Beef industry sharply reduces E. coli; More progress needed with salmonella
Food safety experts report that the nation's beef industry has done a remarkable job of dealing with carcass contamination involving E. coli. Incidences of E. coli O157 positives in ground beef sampling have dropped by more than 90 percent in the last decade, but the same decline hasn't been seen in the incidence of Salmonella in ground beef.
"We haven't seen a decrease in human incidence of Salmonella. Admittedly there are many sources of Salmonella "" in poultry, eggs, etc. "" but the beef industry is asking itself why our traditional approach so effectively manages E. coli O157 but has not meaningfully reduced Salmonella in ground beef," said Guy Loneragan, a professor of food safety and public health with Texas Tech's Department of Animal and Food Sciences. Loneragan is a member of the USDA's National Advisory Committee on Microbiological Criteria for Foods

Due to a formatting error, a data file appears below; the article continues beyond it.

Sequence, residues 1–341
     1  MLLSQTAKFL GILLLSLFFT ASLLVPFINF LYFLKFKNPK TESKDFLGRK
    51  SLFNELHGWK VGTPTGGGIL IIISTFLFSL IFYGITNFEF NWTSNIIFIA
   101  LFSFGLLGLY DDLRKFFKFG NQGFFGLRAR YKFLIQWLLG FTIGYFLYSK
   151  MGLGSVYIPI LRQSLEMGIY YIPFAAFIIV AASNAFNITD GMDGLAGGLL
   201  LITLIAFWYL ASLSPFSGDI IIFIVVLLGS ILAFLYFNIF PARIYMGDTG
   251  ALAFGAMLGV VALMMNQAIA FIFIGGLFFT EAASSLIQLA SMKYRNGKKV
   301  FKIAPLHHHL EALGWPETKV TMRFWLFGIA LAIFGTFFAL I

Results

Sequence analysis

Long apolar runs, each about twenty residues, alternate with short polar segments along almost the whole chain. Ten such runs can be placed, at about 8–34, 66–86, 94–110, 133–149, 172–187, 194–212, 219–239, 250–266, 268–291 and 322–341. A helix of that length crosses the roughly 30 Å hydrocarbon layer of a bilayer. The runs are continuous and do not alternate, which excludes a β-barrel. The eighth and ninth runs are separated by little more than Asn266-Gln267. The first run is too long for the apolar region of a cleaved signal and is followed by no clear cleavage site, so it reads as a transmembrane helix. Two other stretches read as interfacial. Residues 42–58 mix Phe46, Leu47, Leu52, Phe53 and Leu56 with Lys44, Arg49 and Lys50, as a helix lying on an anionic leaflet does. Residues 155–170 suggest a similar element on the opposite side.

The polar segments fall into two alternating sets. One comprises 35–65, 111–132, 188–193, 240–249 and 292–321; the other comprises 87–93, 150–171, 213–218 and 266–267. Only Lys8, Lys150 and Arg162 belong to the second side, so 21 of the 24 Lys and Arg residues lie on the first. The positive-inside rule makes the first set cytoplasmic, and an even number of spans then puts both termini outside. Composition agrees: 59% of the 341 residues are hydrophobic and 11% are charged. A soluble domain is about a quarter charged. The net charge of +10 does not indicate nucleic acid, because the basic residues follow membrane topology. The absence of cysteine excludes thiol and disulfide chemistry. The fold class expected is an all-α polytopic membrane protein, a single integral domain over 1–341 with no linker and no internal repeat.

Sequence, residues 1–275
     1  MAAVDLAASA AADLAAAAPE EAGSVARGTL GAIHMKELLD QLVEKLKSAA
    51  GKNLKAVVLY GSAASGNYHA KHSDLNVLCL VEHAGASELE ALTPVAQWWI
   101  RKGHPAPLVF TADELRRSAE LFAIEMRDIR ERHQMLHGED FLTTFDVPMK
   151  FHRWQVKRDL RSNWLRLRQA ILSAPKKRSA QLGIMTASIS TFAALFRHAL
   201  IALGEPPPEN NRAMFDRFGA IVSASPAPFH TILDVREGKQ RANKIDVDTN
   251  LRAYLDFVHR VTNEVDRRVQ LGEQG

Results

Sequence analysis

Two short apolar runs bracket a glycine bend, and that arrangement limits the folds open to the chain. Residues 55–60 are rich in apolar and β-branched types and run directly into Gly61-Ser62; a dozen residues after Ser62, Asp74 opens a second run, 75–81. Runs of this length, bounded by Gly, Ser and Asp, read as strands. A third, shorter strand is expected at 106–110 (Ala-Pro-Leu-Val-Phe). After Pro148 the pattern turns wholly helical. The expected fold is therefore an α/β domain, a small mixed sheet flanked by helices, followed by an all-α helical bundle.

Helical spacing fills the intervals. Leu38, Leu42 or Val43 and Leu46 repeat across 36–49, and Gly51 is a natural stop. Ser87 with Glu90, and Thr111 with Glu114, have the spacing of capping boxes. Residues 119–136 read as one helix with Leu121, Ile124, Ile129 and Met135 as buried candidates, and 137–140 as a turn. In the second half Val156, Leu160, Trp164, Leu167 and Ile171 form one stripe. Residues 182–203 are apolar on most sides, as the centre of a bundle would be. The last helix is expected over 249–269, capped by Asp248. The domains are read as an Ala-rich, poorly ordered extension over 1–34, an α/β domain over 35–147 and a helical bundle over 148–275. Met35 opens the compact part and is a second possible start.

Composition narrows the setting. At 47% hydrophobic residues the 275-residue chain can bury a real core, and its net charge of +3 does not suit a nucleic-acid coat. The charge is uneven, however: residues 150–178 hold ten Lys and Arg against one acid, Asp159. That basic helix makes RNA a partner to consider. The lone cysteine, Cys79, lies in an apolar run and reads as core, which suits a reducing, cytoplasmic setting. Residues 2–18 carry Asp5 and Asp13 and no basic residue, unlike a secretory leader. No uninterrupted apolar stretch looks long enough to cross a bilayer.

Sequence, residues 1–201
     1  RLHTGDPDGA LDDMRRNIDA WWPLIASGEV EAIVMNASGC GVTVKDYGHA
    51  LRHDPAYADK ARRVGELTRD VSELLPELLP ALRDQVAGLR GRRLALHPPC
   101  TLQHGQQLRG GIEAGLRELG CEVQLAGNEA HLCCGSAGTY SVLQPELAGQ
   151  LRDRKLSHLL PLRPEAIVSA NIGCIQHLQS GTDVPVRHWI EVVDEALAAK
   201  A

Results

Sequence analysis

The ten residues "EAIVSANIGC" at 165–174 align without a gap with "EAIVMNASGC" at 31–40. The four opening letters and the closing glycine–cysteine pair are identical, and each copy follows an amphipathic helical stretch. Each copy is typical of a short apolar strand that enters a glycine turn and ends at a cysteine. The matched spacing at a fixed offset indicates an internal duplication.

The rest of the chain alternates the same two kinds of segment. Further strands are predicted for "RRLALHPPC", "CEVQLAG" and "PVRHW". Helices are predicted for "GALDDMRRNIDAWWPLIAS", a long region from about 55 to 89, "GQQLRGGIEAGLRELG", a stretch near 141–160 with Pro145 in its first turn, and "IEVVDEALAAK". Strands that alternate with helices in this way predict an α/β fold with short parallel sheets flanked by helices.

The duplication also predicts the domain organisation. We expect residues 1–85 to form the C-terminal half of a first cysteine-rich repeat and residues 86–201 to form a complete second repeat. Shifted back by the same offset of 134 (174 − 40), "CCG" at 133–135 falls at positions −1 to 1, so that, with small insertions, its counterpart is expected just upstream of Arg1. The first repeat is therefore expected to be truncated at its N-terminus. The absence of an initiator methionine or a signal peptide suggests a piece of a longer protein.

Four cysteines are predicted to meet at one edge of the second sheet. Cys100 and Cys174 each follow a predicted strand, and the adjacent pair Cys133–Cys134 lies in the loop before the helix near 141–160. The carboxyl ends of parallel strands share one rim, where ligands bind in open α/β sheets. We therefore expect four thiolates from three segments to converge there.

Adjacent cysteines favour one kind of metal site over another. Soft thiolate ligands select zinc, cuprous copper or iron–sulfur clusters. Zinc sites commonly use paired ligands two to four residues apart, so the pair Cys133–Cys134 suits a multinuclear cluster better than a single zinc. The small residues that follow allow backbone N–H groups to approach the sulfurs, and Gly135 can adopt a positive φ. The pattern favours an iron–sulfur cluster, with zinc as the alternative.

Loneragan, who's been engaged in Salmonella research for more than a dozen years, believes the industry needs to rethink its understanding of Salmonella and how it behaves within and between cattle. "In many situations, it doesn't sicken the animal," he said." Obviously, some strains are very pathogenic and we want to control those, but there are also many strains that don't cause harm."
Separately, Loneragan said work is underway on vaccine technology, such as Zoetis' Salmonella SRP vaccine. "We're trying to identify where the vaccine works most effectively. We've also been looking at a probiotic called, Bovamine Defend, made by Nutrition Physiology Co. This also looks promising. Perhaps we can control this issue pre-harvest, or reduce it enough to have a meaningful impact," he said.
Reporting by Heather Smith Thomas
CONTACT: Guy Loneragan, professor, Department of Animal and Food Sciences, Texas Tech University at (806) 742-2805 ext. 268 or email@example.com
Editor's Note: For additional information, go to http://beefmagazine.com/beef-quality/industry-reduces-e-coli-90-little-progress-salmonella
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